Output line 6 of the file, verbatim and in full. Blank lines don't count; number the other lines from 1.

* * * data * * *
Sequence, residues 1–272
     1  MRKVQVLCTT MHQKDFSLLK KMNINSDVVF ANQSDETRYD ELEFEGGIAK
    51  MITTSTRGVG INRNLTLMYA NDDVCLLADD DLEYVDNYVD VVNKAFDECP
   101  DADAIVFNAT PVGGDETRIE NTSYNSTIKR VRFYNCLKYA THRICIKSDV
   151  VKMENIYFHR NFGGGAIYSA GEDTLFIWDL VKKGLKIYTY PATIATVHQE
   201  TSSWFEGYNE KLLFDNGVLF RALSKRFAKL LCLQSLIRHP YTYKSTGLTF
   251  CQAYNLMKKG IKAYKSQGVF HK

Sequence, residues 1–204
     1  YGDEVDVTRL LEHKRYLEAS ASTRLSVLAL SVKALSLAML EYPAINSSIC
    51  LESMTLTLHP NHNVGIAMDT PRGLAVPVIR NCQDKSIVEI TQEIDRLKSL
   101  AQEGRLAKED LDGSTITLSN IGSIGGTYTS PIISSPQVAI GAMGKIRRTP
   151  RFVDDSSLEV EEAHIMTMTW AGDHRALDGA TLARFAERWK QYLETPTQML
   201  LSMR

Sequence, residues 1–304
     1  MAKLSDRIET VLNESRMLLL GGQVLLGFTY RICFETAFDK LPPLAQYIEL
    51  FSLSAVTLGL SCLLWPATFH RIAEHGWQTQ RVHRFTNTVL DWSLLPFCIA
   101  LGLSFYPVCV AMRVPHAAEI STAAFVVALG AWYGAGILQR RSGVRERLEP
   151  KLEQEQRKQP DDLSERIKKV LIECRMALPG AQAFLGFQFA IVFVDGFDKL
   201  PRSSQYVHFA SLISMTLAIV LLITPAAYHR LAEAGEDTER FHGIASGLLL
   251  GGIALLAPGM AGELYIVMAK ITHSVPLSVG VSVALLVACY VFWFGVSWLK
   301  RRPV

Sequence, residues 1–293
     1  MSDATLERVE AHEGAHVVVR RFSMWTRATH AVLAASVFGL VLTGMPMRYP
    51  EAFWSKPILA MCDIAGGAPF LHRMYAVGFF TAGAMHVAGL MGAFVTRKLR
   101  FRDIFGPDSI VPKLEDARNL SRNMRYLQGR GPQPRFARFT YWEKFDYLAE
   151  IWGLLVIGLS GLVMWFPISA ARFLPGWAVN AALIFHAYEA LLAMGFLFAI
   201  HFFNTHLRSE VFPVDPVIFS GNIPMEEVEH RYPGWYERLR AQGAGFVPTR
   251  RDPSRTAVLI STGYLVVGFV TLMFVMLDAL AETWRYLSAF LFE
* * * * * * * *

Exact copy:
   201  TSSWFEGYNE KLLFDNGVLF RALSKRFAKL LCLQSLIRHP YTYKSTGLTF